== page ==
Gyeonga Kang is the Operations Lead for Chinook-47 Performance Based Logistics (PBL) at Boeing Korea LLC. Her main responsibility is to support the day-to-day operations of the in-country team by working as a liaison for the customers (ROK Army and Air Force). She previously worked as a government official Lv. 7 at the Gyeonggi Provincial Government, the biggest provincial government in South Korea. She served as a liaison for USFK, 8A, 2ID, and 7AF to improve community-military relations in the Gyeonggi Province. She received her BA in international relations from the University of Puget Sound. In May 2023, she is starting her master’s program and will be majoring in program management. With her experience and degree, she is hoping to become a program manager for the Boeing Company. In January 2023, her research paper on “the Role of Role of Local Governments in ROK-US Alliance: Improving Military Morale and Readiness of the ROK-US Joint Force” was published by Pacific Forum. In the paper, she discussed the causes of the Rodriguez Live Fire Complex in Gyeonggi-do and offered policy recommendations to contribute to establishing an open and free Indo-Pacific.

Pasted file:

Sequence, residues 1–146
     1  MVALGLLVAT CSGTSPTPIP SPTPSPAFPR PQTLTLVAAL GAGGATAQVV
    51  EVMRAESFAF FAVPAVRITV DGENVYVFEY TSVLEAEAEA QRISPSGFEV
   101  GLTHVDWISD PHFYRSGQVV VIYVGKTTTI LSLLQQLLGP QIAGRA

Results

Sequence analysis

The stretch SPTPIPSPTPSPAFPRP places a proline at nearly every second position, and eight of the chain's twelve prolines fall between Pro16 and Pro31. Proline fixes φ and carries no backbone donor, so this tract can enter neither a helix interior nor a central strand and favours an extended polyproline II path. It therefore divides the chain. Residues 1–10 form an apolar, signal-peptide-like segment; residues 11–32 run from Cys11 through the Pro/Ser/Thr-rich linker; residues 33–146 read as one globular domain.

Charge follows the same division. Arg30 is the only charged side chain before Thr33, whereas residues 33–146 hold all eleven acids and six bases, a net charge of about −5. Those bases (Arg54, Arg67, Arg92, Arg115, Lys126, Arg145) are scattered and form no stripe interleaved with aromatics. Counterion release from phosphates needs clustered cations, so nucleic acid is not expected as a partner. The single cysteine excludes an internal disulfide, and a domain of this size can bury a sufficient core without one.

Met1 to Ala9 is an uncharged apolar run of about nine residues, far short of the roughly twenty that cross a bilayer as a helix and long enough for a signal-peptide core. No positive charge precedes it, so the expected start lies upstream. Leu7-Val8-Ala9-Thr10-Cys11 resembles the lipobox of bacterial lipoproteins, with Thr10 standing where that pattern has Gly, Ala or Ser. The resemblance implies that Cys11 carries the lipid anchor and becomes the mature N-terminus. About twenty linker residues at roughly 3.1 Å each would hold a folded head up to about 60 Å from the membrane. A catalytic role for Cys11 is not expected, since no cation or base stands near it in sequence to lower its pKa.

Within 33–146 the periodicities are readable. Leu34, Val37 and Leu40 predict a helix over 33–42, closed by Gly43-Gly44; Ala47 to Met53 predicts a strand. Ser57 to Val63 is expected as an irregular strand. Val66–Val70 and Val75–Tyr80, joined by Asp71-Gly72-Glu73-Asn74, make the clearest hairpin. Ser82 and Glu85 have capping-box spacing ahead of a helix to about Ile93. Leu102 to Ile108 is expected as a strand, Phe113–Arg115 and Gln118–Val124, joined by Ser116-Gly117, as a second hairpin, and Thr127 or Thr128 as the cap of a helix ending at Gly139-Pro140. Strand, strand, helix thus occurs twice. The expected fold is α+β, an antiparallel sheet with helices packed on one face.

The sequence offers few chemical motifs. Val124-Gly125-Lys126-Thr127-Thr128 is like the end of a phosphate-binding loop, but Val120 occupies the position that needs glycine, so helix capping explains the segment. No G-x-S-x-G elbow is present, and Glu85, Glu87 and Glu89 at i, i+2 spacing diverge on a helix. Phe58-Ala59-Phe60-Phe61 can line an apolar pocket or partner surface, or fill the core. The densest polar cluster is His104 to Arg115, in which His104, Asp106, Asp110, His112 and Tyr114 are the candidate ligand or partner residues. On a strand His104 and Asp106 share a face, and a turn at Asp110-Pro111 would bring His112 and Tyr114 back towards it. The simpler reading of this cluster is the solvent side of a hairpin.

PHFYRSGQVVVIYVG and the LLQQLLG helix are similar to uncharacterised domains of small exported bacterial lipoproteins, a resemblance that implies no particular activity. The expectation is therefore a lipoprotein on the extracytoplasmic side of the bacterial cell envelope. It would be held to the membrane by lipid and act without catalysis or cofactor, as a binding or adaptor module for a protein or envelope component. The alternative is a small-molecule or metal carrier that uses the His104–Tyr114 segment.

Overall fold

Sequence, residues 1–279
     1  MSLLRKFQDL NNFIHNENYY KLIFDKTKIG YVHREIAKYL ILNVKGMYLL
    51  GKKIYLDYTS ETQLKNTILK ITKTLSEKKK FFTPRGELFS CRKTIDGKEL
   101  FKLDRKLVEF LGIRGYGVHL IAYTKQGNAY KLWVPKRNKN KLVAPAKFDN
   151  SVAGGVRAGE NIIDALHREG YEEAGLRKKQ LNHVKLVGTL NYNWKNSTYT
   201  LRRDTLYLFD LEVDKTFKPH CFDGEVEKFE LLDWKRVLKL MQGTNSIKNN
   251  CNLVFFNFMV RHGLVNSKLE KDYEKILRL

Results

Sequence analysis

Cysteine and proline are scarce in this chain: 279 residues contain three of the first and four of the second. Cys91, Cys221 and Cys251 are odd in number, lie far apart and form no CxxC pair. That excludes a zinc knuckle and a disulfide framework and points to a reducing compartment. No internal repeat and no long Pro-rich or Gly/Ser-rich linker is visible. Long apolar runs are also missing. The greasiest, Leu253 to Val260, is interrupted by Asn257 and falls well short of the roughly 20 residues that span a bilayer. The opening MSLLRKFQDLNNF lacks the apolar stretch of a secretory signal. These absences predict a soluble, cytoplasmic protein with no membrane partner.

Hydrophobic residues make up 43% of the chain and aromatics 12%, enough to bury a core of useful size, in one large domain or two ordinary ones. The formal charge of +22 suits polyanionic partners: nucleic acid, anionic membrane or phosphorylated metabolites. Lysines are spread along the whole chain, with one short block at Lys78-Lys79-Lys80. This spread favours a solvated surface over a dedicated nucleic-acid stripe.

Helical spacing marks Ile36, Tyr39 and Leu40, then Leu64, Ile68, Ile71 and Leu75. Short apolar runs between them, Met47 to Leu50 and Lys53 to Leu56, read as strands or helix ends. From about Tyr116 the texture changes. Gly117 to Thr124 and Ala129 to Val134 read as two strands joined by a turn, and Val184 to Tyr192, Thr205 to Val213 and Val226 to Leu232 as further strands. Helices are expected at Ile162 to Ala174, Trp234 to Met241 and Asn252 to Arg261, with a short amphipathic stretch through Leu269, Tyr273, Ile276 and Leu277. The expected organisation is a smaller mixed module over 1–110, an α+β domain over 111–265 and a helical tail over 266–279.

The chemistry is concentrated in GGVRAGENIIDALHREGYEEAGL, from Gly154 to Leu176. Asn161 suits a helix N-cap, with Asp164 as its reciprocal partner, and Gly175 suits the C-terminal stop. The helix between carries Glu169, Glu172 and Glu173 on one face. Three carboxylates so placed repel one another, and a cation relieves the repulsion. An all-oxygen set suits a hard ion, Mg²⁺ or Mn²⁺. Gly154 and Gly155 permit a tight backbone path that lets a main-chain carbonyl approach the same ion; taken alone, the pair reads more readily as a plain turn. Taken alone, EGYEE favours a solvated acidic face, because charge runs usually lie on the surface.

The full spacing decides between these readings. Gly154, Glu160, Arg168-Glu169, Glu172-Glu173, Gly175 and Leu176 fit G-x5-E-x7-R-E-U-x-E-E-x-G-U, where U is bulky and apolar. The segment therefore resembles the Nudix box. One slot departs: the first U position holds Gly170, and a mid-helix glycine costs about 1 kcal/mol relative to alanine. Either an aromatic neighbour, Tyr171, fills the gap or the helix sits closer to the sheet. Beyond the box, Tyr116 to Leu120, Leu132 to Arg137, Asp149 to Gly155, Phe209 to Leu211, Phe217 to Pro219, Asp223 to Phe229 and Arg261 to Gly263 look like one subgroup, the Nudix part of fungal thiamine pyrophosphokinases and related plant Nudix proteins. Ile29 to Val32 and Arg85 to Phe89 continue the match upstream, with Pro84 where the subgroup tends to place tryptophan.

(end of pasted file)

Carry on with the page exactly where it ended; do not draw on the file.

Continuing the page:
Jung Seob “Scott” Kim is a cyber threat intelligence practitioner with five years of experience in intelligence and international affairs. He currently holds an MS and BA in criminal justice with a specialization in cybercrime. He focuses on applying threat intelligence and helps organizations managing threats within the financial sectors. He was selected to the Public-Private Analytic Exchange Program at the U.S. Department of Homeland Security and participated as a member of the European Union Agency for Cybersecurity’s Ad Hoc Working Group on Security Operation Centers. Kim is the co-author of the academic article “Assessing the Practical Cybersecurity Skills Gained Through Criminal Justice Academic Programs to Benefit Security Operations Center” that was published by the Journal of Cybersecurity Education, Research and Practice. He also contributed to the “Increasing Threats of Deepfake Identities” white paper published by the U.S. Department of Homeland Security Office of Intelligence and Analysis. Kim was born in South Korea, speaks fluent Korean, and is a first-generation college graduate.